How I Found Life After Death - A Mother's Story of Loss
My son died by suicide after a two-year battle with anorexia on November 20th, 2015.
As you can imagine, when the doctors told me my son was gone, my world was absolutely shattered; I felt as though I had been handed a life sentence in prison.
This was a life sentence of excruciating pain and anguish. Every morning I woke up, remembering and reliving what my new world looked like. It was a kick in the stomach every day.
Xanax got me through the nights — but my days went without any kind of medication. It was unbearable. It was everything you hear about grief and everything you can imagine about losing a child. My life was over. The person I once knew inside of me was gone.
Not only did I miss my son more than words can say but I missed ME. I missed hearing myself laugh. I missed smiling. I missed interacting with my friends and my family. I especially missed my husband and three other boys.
Life would never be the same
When you lose someone to suicide, it's stifling to say the least.
Before we lost Justin, on January 19, 2015, my sister, who is also my best friend, lost her only son to suicide. I cried for her, ached for her, mourned with her and mourned the loss of one of the sweetest boys I had ever known. I felt helpless trying to find ways to be there for my sister. I watched her grieve not knowing what I could do to ease her pain. She was no longer the person she used to be and I missed her, too. I ached for her broken heart.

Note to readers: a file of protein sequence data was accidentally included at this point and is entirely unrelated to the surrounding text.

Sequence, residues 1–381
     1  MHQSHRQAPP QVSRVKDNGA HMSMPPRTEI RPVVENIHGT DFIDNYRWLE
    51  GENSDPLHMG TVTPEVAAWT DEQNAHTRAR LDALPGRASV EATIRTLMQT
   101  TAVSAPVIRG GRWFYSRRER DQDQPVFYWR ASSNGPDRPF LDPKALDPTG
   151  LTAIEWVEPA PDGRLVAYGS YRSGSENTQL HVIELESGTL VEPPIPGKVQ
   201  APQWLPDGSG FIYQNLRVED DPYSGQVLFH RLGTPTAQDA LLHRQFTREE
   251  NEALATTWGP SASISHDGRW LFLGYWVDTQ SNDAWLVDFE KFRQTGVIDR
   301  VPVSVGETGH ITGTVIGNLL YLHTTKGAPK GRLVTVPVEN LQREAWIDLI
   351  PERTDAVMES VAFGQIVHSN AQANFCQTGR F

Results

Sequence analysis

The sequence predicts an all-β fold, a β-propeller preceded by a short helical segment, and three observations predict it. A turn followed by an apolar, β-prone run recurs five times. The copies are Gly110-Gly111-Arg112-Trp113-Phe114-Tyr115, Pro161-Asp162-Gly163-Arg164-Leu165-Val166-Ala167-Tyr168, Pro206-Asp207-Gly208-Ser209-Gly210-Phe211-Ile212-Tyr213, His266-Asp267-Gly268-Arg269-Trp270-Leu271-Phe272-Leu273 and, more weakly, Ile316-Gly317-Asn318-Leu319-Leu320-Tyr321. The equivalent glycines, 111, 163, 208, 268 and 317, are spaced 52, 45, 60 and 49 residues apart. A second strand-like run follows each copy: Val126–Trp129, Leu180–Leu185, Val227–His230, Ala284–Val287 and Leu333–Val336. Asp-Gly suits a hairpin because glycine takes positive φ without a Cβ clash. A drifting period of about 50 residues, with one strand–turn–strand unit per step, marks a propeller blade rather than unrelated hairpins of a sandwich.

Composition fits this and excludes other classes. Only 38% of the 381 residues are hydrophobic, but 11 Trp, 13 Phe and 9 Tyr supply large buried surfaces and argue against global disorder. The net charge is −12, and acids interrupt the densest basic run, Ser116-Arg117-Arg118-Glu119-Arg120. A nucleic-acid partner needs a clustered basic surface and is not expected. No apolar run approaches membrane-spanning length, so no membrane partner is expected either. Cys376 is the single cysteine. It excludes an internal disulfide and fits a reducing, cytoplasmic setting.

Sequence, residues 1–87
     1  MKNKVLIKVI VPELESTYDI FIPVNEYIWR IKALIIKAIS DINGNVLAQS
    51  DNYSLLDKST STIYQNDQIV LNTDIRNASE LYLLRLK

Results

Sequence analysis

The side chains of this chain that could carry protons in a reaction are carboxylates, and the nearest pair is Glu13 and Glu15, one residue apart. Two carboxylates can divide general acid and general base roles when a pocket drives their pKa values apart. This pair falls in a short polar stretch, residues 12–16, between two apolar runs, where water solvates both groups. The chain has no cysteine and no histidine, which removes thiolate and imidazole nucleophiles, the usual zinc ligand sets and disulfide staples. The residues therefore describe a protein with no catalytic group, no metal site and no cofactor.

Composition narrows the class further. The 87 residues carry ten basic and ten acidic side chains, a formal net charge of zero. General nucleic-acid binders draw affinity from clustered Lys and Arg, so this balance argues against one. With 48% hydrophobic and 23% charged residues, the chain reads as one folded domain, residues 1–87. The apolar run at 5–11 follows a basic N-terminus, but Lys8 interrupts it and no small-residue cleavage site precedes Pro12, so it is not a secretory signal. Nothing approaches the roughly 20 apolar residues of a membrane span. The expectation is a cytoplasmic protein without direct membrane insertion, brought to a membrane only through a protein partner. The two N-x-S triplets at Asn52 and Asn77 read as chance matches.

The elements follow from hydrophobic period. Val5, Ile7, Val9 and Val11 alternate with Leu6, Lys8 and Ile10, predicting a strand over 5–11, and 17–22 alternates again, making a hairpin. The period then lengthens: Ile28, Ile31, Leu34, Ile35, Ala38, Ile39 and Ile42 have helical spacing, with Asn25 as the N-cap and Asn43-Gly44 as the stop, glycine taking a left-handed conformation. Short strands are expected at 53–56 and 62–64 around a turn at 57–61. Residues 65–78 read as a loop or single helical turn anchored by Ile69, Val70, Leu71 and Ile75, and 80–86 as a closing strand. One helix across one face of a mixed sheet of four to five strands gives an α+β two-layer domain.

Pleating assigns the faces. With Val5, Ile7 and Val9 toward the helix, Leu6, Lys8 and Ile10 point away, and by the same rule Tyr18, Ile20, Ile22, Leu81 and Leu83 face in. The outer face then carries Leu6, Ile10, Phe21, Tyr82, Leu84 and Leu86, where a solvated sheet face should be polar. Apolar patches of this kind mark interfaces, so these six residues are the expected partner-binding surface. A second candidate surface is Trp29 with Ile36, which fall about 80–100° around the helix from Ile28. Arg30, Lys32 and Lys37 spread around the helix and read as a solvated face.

Ten short months later, my own son, Justin, died. To say 2015 was devastating for our family doesn't even begin to describe how awful it was. After he died, I suddenly realized I was now living my sister's new life.
When I was little, I wanted to be just like my sister. I copied everything she did. But this, no, not this. I did not want this and she didn't want it for me either.
A shimmer of light
Thankfully, though, in that first year after losing Justin, there were times where I could start seeing light again. In fact, it was within the first couple of months.
I remember thinking to myself "maybe my pain isn't going to be as bad as others who have gone through this." What distorted thinking that was, because the very next month — as I stood in the frozen snow on top of my son's grave — I realized my precious baby, the one I had nurtured, loved, laughed with, cried with, worked hard for and had dreams for was frozen underneath that ground.
I became furious!
My whole body filled with rage as I stood in the snow at the cemetery. I could feel a volcano erupting inside of me starting at my toes and working its way up through my body. I hurried to the car before it hit my throat because I knew the hot lava was going to spew from my mouth. My drive home consisted of screaming at God because I didn't know who else to be mad at. I cursed him. I yelled “F” bombs at him. I screamed so loud that I lost my voice. It wasn't my proudest moment but I embraced it because I knew it was yet another stage of my grief.
Over time I worked through many things and began to feel stronger. I laughed more without feeling guilty for being happy. I was well past the one-year mark of Justin's death. I wrongly assumed I was done with my crazy cycles.
Plunged into darkness again
The next spring, I started seeing graduation announcements from Justin’s friends on Facebook and Instagram. I saw pictures of friends in his graduating class ready to finish high school.
I crashed again.
Justin was a 4.0 student who had goals to graduate with his Associate’s degree before he entered intensive treatment for anorexia. Now, he was frozen in time as a 17-year old junior in high school. I was angry again but not in a vocal way. This time it was an implosion instead of an explosion. I ached in my own quiet way. I withdrew from everyone, especially God. I felt forgotten and unloved.